Trenchless Industry Braces for Uncertain 2009

There is no doubt that the United States is facing one of the most severe economic crises in its history. In fact, some are saying that the current downturn is the worst since the Great Depression of the 1930s.

Every night, the evening news reports job layoffs, falling stocks, foreclosures. In February, the Dow Jones Industrial Average hit a six-year low, losing nearly 50 percent of its value from its November 2007 high of 14,164.

It seems that no company or sector is immune, especially when you consider the types of companies that have shed tens of thousands of jobs, companies like Microsoft, Caterpillar, Home Depot, General Motors, Pfizer, Citigroup, Sprint-Nextel — a crosscut of the American economy. Massive commitments by the federal government have tried to stem the tide by providing aid to failing banks and spending programs and tax cuts designed to stimulate the flagging economy.

The Troubled Assets Relief Program (TARP) is a $700 billion program passed last fall designed to help banks stay afloat and keep credit markets alive in the United States. The stimulus plan — formally known as the American Recovery and Reinvestment Act of 2009 — was signed by President Obama in February, allocating $787 billion for spending and tax cuts.

But what effect is this having on the trenchless marketplace? Early indications are that the trenchless industry — particularly on the rehab side — has continued to flourish despite the overall economic downturn that took an estimated 2.6 million jobs in 2008.

“I am seeing many rehab contractors who have a bigger backlog than ever,” said Irv Gemora, executive director of NASSCO, whose members are primarily companies involved in sewer construction and rehabilitation. “Many cities are facing budget shortfalls resulting from decreased property tax and sale tax revenue, and they’re starting to hold back on some expenditures, so this may lead to a delay in some projects. But there are many projects under way that won’t be affected, and there are many ‘shovel ready’ projects that can keep us healthy as an industry.”

“When you see the news, the statistics are staggering with the amount of layoffs, but the trenchless market just doesn’t seem to fit the profile,” said NASTT executive director Mike Willmets. “Everyone in the engineering community I talk to is very busy. It’s oddly contradictory to what is happening in the general economy. And, people are now gearing up for an anticipated increase in work that may result from the stimulus package.”

While projects may be ongoing, the economy is having an impact in other ways. “We’re finding it difficult to acquire new contractors,” said Jerry Gordon, president of Sprayroq, which provides lining systems for water and wastewater systems. “Companies are hesitant to start a new product line because of the startup costs, which includes new equipment. They just don’t want to spend the money unless they have a sure thing.”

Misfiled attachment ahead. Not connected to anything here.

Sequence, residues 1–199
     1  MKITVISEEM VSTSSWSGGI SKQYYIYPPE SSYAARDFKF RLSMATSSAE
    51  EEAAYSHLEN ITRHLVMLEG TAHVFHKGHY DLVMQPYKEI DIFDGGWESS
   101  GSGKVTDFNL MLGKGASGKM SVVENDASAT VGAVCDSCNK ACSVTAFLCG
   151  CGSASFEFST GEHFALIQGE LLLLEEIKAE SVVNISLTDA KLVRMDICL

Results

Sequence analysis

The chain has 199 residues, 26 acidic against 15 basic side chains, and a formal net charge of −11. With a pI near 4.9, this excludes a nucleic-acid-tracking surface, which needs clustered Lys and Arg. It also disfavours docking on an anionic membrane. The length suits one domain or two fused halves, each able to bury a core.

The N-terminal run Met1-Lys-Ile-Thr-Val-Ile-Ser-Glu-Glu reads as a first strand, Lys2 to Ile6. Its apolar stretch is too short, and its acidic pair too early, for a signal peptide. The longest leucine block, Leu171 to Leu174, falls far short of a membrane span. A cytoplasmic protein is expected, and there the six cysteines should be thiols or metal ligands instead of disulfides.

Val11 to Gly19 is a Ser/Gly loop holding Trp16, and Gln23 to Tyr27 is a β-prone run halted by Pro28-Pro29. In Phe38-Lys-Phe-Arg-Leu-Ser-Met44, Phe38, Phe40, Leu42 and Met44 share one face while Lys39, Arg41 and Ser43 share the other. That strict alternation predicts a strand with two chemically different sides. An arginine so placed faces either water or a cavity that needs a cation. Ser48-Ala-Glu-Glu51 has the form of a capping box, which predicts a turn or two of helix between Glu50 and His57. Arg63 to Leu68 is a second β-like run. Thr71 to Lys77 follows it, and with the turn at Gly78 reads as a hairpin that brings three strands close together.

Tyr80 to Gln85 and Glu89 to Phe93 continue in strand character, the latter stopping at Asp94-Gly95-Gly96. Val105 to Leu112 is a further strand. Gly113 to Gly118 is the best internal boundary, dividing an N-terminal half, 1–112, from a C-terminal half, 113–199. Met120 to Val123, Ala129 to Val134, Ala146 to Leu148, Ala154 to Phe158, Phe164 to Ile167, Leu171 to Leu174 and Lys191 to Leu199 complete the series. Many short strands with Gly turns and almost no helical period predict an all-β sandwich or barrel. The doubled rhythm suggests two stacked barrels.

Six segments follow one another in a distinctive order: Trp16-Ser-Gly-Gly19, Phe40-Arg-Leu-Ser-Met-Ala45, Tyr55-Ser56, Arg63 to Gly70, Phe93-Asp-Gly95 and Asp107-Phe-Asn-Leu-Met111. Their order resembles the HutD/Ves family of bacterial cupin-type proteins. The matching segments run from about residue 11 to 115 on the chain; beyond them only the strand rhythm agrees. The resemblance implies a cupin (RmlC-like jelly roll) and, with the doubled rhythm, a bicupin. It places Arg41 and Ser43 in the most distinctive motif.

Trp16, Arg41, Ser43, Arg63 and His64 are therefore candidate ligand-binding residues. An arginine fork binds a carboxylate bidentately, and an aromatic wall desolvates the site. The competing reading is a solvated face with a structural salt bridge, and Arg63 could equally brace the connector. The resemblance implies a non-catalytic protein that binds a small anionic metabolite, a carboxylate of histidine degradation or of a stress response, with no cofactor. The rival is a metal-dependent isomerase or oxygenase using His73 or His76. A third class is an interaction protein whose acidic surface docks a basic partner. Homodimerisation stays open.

Economic downturns can elicit emotional responses in individuals and business that are difficult to assuage. Kaleel Rahaim, industry manager for Interplastic Corp., a specialty resin supplier serving the cured-in-place pipe (CIPP) market, sees this as being a factor in the current economy. “The key issue is uncertainty — uncertainty in the market, in the government, in energy and raw material prices. It’s tough to forecast; we just can’t do it like we used to. We’re also seeing a glut in the marketplace for our products, so we’re all fighting for a piece of a smaller pie.”

Impacts of the Stimulus Package

There is some debate as to whether the spending and tax cuts outlined in the stimulus package are enough to get the economy moving. There is also debate regarding whether it will have a short-term impact. At best, we may begin to feel the impacts in the latter half of the year, Rahaim said. “There are a lot of projects already designed and approved and just waiting for funding,” he said. “I think we’ll start seeing some of the early benefits start to happen in the fall.”

Alex Buehler, vice president of marketing and technology for Insituform Technologies Inc., sees a longer timeframe before the effects of the stimulus begin. “We don’t see it as having an immediate pop. We see it taking some time to percolate — it may be two to three years before it really makes a difference in our industry.”

Most, however, are in agreement that when stimulus money does begin to flow, the trenchless industry is well positioned to take advantage. “Trenchless technologies offer more bang for the rehab dollar,” said Sam Cancilla, general manager of RedZone Robotics’ Responder Division. “There is no mass excavation to disrupt people and businesses, but you still have the job creation and the positive benefits of infrastructure renewal. Trenchless allows you to get the most value.”